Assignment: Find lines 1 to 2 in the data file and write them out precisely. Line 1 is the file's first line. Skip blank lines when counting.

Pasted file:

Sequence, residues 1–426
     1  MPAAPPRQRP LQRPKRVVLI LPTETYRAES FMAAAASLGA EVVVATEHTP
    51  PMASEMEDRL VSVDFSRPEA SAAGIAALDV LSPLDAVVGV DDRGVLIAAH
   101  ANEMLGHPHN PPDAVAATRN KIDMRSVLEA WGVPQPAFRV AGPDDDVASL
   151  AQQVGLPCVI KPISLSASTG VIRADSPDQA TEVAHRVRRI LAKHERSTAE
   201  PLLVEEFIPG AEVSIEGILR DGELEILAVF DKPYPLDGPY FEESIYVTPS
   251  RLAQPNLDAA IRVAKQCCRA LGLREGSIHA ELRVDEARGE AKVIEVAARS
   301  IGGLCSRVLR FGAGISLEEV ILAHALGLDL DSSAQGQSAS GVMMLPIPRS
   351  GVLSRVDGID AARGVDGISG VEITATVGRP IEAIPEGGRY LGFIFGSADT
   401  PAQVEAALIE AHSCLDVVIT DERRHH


Sequence, residues 1–426
     1  MPAAPPRQRP LQRPKRVVLI LPTETYRAES FMAAAASLGA EVVVATEHTP